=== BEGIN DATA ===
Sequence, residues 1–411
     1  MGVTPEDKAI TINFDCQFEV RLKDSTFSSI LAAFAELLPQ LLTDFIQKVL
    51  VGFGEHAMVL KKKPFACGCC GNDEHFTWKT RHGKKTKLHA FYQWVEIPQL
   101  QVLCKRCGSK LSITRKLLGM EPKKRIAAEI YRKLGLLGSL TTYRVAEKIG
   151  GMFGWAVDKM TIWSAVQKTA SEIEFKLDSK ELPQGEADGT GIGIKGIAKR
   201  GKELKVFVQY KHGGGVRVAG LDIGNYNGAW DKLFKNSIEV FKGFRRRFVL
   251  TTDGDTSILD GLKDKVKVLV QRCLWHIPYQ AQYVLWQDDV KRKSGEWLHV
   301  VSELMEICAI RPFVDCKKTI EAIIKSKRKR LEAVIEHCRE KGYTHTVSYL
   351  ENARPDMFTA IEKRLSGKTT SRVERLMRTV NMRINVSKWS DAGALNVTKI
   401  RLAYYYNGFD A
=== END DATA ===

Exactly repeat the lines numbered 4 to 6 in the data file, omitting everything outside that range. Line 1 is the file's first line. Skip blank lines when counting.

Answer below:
   101  QVLCKRCGSK LSITRKLLGM EPKKRIAAEI YRKLGLLGSL TTYRVAEKIG
   151  GMFGWAVDKM TIWSAVQKTA SEIEFKLDSK ELPQGEADGT GIGIKGIAKR
   201  GKELKVFVQY KHGGGVRVAG LDIGNYNGAW DKLFKNSIEV FKGFRRRFVL